- Gain insights on the perspectives of graduate international students by watching this Breaking Boundaries video produced by the Office for Diversity in Graduate Education & Global Programs and Strategy Alliance.
Visit our Teaching Support page for more strategies and tips.
Studying university coursework in a second language is a complex and ambitious task.
Keep in Mind
- Multilingual students may have many variations in English proficiency. Some students excel at using English conversationally but may have more challenges with writing, grammar, and vocabulary. Other students may be proficient in academic language but have more difficulties with conversational English. All students can benefit by learning about informal opportunities to use their English on campus. Many different practice opportunities are listed on our Student Resources page.
- TOEFL scores may not always accurately predict students’ abilities. Standardized tests such as the TOEFL or IELTS are used to determine an international student's English proficiency; however, you may find discrepancies between students’ scores and their actual proficiency level. If a student is struggling due to lower proficiency in English, please recommend some options from our Student Resources page.
- Speaking or writing with an accent is not a sign of deficiency. Unfortunately, many studies document that perceptions of the non-native English accent (in speaking and writing) are often negative. Yet more people in the world speak English as non-native speakers than native speakers, so accented English is actually more common than unaccented English. You can play an important role in helping to correct the perception that accent is a sign of linguistic deficiency.
- Andrade. 2006. International students in English-speaking universities: Adjustment factors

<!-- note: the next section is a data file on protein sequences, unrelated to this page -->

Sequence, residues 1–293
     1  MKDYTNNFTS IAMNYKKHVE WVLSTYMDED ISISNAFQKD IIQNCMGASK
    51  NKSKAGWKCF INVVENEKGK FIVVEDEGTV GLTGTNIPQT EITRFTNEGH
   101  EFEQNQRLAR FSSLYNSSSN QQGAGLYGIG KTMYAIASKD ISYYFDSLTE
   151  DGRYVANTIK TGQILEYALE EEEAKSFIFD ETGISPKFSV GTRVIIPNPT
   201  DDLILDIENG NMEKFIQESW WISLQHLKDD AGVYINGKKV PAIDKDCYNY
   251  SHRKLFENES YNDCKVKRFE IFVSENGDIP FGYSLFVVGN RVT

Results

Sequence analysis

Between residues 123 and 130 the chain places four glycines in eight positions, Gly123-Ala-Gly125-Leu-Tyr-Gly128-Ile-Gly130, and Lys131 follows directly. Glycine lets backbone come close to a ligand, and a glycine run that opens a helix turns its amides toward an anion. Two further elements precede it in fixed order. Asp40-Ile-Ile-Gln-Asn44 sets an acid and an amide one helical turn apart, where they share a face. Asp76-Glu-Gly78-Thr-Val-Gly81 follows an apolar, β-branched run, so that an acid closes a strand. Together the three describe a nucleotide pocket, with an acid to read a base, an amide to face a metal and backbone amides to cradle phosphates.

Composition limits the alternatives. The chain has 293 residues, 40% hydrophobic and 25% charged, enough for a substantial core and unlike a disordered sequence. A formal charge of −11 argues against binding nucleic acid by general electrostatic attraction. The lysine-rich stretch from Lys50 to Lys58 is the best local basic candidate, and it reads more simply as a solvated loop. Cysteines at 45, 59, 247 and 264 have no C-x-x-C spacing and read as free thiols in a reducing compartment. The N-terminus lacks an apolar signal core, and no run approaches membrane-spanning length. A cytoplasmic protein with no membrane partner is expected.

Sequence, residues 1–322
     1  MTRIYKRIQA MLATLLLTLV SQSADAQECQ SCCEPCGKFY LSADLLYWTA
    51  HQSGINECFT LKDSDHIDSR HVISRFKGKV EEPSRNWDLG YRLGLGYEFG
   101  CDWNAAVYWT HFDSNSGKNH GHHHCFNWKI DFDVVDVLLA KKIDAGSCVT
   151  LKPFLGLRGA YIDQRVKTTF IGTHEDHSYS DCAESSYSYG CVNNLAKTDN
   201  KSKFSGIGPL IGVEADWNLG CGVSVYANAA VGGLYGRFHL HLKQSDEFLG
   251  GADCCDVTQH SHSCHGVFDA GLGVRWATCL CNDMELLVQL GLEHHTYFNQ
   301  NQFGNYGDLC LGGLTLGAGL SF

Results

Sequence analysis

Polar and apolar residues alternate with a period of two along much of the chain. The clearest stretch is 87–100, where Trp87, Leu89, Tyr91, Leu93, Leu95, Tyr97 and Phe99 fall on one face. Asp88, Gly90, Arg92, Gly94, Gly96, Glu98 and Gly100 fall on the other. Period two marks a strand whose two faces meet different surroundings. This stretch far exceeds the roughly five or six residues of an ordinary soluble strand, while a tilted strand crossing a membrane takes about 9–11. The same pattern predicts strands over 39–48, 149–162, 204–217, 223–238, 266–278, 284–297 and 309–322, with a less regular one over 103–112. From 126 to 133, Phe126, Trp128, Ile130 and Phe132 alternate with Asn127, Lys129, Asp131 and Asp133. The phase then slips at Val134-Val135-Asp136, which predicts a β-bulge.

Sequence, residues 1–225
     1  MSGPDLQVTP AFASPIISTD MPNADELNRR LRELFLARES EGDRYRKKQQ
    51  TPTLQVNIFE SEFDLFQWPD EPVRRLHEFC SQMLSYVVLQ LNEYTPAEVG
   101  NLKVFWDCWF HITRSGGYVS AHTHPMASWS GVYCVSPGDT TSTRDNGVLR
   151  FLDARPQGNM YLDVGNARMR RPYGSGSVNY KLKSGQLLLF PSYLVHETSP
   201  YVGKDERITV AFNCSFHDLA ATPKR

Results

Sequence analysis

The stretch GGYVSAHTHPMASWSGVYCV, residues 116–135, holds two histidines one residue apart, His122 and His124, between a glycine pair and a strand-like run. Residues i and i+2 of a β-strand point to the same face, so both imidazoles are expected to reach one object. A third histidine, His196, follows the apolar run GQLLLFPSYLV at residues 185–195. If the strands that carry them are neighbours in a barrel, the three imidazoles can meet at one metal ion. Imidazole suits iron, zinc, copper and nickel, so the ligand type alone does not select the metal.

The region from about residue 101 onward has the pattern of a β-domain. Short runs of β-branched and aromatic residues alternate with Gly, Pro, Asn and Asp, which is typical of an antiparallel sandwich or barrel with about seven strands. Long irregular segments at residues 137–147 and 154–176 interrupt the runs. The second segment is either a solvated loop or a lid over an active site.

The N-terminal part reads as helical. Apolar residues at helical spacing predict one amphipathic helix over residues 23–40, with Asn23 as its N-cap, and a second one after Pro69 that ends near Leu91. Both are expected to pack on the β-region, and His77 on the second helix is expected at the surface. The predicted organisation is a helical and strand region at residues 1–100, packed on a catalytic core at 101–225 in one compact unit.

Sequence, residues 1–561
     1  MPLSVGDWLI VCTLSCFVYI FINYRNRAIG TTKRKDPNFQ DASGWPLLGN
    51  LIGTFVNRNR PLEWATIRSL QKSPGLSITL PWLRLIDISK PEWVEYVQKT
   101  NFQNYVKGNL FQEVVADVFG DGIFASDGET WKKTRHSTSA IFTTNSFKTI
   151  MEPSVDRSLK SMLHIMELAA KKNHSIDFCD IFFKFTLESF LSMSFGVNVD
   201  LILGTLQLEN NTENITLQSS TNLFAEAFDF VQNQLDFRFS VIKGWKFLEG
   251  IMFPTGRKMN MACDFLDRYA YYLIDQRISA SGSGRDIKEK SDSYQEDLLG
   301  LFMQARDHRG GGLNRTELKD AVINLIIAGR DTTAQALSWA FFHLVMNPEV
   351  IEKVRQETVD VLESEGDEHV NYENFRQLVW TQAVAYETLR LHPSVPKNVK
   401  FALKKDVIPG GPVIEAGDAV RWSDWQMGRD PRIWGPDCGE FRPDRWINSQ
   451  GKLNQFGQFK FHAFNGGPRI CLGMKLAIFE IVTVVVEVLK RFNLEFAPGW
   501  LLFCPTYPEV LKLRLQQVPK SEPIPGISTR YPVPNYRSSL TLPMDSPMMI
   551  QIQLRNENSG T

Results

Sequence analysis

- Anderson, Isensee, Martin, Godfrey, & O’Brien. 2010. Student voices: A survey of international undergraduate students’ first-year challenges
- Bifuh-Ambe. 2009. Literacy skills acquisition and use: A study of an English language learner in a U.S. university context
Variations in proficiency
- Cho & Bridgeman. 2012. Relationship of TOEFL iBT® scores to academic performance: Some evidence from American universities
- Martirosyan, Hwang, & Wanjohi. 2015. Impact of English proficiency on academic performance of international students
- Vu & Vu. 2013. Is the TOEFL score a reliable indicator of international graduate students’ academic achievement in American higher education?
Speaking with an accent
- Lindemann. 2005. Who speaks “broken English”? US undergraduates’ perceptions of non-native English
- Kachru. 1985. English in the world: Teaching and learning the language and literatures
- McKay. 2000. Teaching English as an international language: Implications for cultural materials in the classroom
Getting oriented to US culture
- McLachlan & Justice, 2009. A grounded theory of international student well-being
- Anderson, et al., 2010. A survey of international undergraduate students’ first-year challenges at the University of Minnesota - Twin Cities
- Andrade, 2006. International students in English-speaking universities
Teaching and learning styles
- Campbell, Strawser, & George, 2016. Communication education and international audiences: Reflections on instructional challenges and pedagogical strategy